A BATTING WITH BIMAL BREAKING REPORT: What’s the deal with Richardson’s trademark sunhat?

The maroon-coloured hat became Richardson’s trademark

Former West Indian batting legend, Richie Richardson, has announced that he always chose to wear his modified tailor-made sunhat over a batting helmet, because of its practicality.

Richardson, who is the team manager of the current West Indies team, played during the days when batting helmets started to become omnipresent, but, still chose to wear his sunhat.

The Sydney Morning Herald, quoted Richardson as saying: “As a youngster growing up, we didn’t have access to helmets. So, I never really got used to helmets.”

Since Richardson did not use a helmet since he was a youngster, he stated that he never felt comfortable in one when he did try it on.

“Even when I tried to use it, I was very, very uncomfortable. I felt comfortable without it. When I wore a helmet, I felt like I was in a phone booth. I didn’t feel comfortable. So, I thought ‘let me take my chances’,” he said.

Richardson first wore his tailor-made sunhat in the 1980s when playing against India, and since then, it became his good luck charm.

“It was an ODI tournament and nobody wore them, nobody liked them. An idea came to me, maybe I could start something different,” he said.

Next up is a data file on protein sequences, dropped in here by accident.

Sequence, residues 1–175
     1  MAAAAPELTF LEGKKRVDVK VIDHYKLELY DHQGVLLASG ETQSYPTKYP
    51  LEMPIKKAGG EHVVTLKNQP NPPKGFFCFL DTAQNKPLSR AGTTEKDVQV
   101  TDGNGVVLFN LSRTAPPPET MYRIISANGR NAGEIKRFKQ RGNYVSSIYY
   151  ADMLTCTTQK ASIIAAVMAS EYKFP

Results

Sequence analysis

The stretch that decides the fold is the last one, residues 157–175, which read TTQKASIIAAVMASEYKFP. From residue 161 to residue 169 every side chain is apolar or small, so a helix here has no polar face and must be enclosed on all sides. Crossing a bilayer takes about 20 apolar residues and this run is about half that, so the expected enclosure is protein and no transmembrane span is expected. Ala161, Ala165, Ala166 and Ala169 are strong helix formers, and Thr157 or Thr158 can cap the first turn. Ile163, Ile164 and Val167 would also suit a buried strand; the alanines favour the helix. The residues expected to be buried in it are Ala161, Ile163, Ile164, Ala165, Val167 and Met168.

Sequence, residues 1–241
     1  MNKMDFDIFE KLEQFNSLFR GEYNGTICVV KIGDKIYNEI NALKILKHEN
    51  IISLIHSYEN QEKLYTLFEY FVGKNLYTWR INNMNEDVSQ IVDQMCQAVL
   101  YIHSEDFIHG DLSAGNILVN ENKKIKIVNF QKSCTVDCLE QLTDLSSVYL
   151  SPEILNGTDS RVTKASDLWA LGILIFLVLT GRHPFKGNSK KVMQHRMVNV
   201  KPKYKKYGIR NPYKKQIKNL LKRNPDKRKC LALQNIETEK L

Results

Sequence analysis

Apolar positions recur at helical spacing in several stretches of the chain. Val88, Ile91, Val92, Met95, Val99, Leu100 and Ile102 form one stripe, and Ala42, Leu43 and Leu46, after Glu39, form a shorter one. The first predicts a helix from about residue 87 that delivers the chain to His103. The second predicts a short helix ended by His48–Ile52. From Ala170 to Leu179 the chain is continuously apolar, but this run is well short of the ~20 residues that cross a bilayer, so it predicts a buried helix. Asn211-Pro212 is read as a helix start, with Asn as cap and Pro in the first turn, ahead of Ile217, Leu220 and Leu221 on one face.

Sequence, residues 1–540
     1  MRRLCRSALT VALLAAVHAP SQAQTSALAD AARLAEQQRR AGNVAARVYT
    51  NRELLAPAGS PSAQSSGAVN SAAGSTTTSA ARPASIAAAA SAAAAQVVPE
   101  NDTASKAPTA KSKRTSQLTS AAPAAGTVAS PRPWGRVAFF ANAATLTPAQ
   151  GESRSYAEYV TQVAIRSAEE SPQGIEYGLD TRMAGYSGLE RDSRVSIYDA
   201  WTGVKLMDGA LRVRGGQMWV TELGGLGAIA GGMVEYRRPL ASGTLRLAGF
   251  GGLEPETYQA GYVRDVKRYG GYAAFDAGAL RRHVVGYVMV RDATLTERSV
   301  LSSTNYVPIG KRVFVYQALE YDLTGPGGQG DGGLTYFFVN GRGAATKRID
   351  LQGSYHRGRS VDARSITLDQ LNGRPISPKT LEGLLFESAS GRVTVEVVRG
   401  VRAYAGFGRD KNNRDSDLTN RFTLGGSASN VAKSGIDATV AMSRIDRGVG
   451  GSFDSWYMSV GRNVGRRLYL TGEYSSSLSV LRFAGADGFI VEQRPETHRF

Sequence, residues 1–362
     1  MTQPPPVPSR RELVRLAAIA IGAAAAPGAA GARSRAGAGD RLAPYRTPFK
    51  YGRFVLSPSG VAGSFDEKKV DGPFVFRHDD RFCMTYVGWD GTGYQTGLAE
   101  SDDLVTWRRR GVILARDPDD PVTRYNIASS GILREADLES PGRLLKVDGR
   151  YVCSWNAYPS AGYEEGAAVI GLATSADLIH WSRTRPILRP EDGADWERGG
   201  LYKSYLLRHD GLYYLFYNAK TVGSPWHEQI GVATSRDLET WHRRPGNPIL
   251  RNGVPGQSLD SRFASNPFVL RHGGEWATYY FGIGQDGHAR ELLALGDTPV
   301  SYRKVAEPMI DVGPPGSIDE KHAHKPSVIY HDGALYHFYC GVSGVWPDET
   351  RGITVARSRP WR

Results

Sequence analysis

The maroon coloured floppy hats, were never very popular with other cricketers, but, Richardson decided to keep on wearing it.

“I’m not sure if it was the first time we wore coloured gear, but it was the first time seeing a maroon-coloured floppy hat. It didn’t look good. Everybody just chucked them away. I kept one, and decided I was going to try something,” he added.

After wearing it for a while, Richardson, went to a manufacturer in Pakistan and made the changes he wanted, starting with a wider brim and a deeper cup, so that the hat would stay on his head.

“It worked well, it just so happened that I was doing well at the time, I was at the peak of my career and a lot of people thought it was the hat that was doing the magic. “I started wearing it in Test matches and nobody objected and it became a story,” he said.

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